A lot of people especially Nigerian LGBTQ activists and the LGBTQ community were shocked to learn yesterday that the radical anti-same-sex-marriage bill has passed the second reading in the Nigerian House of Representatives.
Similar bills had appeared in the House in 2006 and 2008 but never succeeded due to a lot of things: pressure for human rights organization, not enough time for the lawmakers to see it through and some other pressing matter coming up.
A lot of people have wondered the real reason behind lawmakers’ insistence on banning same-sex marriage even though the Constitution already deems homosexuality illegal and punishable of up to 14 years in jail, while in Northern Nigeria you could be stoned to death if convicted of homosexuality.
It is clear that Nigerian lawmakers always are desperately looking for relevance. They are using the anti-same-sex marriage bill to achieve that.
They also call it an “anti-same-sex-marriage” bill, rather than an “anti-gay” bill, to increase support from Nigerians.
One pertinent question to ask: Why do these Nigerian lawmakers not pay attention to important problems plaguing the country, such as lack of security, fraud, the economy, etc.? Instead they focus on banning same-sex marriage, which no gay or lesbian person in Nigeria has ever asked for.
Their target isn’t just LGBTQ people, but also human rights defenders. The bill prohibits organizations that provide support to LGBTQ people. It also insists that people must report family members who they suspect are gay or lesbian.
We have over a million times reminded the Nigerian government that Nigeria is a secular state that must not enact laws on a basis of a particular religious or cultural view.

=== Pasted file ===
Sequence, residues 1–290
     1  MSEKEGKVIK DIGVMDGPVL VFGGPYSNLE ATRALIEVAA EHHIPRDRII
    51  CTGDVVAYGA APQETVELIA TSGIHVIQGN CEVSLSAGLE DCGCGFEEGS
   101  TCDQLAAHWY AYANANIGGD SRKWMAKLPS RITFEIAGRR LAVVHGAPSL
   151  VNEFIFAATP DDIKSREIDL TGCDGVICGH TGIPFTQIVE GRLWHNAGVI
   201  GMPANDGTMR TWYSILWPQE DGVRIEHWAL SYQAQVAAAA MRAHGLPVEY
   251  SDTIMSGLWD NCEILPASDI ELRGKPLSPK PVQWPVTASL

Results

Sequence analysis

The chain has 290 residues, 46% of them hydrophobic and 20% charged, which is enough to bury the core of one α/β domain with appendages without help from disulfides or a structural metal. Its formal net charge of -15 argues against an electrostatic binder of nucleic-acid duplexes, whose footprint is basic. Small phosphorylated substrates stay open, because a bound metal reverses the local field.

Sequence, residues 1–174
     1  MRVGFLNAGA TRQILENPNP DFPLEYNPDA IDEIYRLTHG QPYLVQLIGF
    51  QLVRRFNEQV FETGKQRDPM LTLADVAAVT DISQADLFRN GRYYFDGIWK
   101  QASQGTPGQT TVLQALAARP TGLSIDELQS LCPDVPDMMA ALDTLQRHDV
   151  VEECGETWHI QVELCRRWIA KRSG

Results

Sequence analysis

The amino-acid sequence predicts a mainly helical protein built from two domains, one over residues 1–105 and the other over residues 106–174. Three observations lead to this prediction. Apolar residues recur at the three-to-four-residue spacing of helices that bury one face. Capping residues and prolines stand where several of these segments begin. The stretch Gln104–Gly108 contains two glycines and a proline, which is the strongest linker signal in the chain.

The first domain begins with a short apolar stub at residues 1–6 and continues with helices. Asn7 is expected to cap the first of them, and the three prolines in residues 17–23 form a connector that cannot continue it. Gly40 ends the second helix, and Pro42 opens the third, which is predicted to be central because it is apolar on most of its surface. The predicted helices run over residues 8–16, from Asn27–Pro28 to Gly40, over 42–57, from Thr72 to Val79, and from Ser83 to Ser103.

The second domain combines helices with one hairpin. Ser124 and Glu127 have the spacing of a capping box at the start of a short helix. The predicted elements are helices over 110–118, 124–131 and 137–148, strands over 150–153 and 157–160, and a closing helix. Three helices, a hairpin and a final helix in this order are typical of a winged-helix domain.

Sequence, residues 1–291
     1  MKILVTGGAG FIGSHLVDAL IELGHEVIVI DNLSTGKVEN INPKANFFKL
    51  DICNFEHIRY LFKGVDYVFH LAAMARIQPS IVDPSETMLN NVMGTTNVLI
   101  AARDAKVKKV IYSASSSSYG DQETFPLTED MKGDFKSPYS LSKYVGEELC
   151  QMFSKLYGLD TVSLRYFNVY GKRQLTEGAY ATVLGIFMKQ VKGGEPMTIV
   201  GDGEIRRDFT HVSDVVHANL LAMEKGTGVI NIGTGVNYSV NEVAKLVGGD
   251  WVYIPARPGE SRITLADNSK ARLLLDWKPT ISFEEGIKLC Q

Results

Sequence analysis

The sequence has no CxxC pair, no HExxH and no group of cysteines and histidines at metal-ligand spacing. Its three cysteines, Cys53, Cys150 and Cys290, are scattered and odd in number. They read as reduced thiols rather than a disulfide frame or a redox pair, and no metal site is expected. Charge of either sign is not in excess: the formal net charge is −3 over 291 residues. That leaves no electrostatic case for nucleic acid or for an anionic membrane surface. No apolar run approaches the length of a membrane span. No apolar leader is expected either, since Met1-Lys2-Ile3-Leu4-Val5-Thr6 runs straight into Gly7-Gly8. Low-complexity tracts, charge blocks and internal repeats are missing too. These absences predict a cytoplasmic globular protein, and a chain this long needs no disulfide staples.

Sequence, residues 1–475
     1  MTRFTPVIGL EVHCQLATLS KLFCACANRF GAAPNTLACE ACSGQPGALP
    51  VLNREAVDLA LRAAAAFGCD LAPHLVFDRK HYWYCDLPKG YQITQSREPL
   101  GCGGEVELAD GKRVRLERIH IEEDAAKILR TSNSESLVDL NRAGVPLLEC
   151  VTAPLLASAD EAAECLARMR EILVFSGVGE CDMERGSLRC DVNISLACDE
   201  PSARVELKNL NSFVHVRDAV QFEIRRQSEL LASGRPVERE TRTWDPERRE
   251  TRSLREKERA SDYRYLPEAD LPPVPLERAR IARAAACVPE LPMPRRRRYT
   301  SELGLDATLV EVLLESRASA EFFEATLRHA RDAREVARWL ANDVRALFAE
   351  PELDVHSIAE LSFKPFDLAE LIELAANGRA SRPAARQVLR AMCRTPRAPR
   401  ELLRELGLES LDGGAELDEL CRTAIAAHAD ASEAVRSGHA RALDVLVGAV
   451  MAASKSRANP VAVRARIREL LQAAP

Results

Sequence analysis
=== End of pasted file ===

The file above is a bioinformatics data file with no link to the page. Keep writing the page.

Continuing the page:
Nigeria has consistently joined other countries around the world in fighting against HIV/AIDS. But these lawmakers hypocritically try to further criminalize same-sex- loving individuals even though research has proven that LGBTQ people are most at risk of contracting HIV. Such laws make the problem worse. Hypocrisy is the order of the day in Nigeria.
People have refused to see how this bill would affect them if it becomes law — not just LGBTQ people.
About a month ago a video was circulating round the internet about four men who were brutally beaten to death cos they were suspected to be armed robbers. This is highlights the fact that Nigerians take laws into their hand and so one can only imagine what the ugly picture would be for LGBTQ people if this bill becomes law.
For Africa’s most populous nation which has tons and tons of issues that is plaguing it, this is bill is totally unnecessary and sends us back to many many years of underdevelopment. I join my voice with the so many activists, NGO’s, people and governments around the world calling on the Nigerian government to disregard and do away with this bill and face other important issues and also take a step forward in improving on its human rights records, protecting and supporting all its citizens regardless of their age, ethnicity, religion, sexual orientation, gender identity and expression.
- Update on Nigerian Homophobic bill. (nigerianlgbtindiaspora.wordpress.com)
- 3 months in Nigerian jail for mistaken gay sex, or rape? (76crimes.com)